Warning: Not many fish were caught during the making of this video.
At an average of 3000 – 4000 fish per mile, you’d think they’d be more plentiful than the rocks on the river bed, but sometimes they can be as hard to find as a politician with his hand in his own pocket at election time. Or so it proved to Caveman and I the other day.
Naturally, with a pastime not short on intangibles and variables, there is no corresponding shortage of excuses either. ‘When in doubt, blame the weather’ is a particular favorite, and the last refuge of many a fishing guide. It can always be too hot, or too cold, or too windy, or too something. In reality it often boils down to the fact that on some days, the fish are reading a different book than you, and there is not a lot you can do about it.
All things considered, the river has held up really well this year from a recreational point of view. The last time the fishery experienced similar low flows throughout the summer was in 2002. This was also the summer a seven fold increase in the number of fish over 14 inches was recorded. Less current means fish can spread out over more of the riverbed, resulting in decreased competition for the prime real estate along the edges. More calories go into growing than battling the current and other fish. Generally mid to late August are the Dog Days, with fish hunkering down during the day, awaiting nightfall to get active, and the warmer water temperatures this year have exacerbated this.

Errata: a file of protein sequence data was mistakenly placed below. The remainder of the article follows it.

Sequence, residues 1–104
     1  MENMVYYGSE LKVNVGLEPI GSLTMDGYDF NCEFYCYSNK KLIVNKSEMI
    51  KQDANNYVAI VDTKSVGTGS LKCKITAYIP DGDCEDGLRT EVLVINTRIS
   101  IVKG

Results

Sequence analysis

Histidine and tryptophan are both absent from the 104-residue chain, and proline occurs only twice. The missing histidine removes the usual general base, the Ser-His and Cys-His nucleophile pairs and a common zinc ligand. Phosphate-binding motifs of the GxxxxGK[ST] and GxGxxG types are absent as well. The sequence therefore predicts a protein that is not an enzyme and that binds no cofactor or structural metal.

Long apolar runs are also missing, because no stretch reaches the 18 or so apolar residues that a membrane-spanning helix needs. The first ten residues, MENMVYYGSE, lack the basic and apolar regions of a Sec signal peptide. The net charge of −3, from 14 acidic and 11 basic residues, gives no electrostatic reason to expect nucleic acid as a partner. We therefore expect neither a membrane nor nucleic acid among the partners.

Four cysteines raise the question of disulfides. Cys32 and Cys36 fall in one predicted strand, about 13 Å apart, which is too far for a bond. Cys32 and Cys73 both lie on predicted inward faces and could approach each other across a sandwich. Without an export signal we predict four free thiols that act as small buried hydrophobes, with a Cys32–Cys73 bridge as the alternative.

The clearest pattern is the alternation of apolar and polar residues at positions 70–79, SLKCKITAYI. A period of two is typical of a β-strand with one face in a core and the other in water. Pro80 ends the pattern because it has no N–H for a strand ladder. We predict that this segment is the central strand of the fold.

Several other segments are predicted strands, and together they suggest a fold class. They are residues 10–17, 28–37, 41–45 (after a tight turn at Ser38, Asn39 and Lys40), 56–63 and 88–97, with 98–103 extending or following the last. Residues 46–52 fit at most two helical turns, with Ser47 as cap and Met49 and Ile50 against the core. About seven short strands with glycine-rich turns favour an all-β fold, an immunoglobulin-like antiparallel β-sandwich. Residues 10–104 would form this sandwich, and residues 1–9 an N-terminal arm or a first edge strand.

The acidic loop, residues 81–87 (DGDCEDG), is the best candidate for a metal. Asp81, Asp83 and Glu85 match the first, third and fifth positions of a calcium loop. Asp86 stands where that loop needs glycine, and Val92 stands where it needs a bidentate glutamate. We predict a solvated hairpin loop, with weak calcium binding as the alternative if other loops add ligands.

Slow days are the ones you hope you brought enough beer. Fortunately, I’ve always believed that when it comes to stocking the cooler, plan for the worst. Its better to have a couple left at the take-out than being two guys eyeing up the last one with three miles still to float. Slow days are when the memories are generated watching time pass anchored in a back eddy or parked beneath the shade of a bridge or cottonwood, BS-ing.
Slow days also make you really fish. Working extra hard to find a feeder, you’ll try different flies and techniques, fishing fast water and slow, shallow and deep, dead drifts and twitches. It also demands extra concentration when you are the recipient of only one or two strikes in an hour. Morale can plummet and self -doubt seep in when you miss those rare opportunities. There are days when the river, and the fish, flatter us, so it is only fitting that there should be an equal number where they humble us as well. If at the end of the day, you’ve more flies lost than fish landed, its fair to say you’ve probably been served a dose of humility, along with a desire to come back and try to even up the ledger.
But the true point of the day is not how many fish or flies were caught or lost, but recognizing the privilege of living in a place that supports such luxuries as fishing for fun ,and the little cubes of ice you buy in a bag that help keep the beer cold. That, and a special word of recognition to shuttle drivers, without whom we’d all be stuck in an eddy somewhere, eyeing the last can.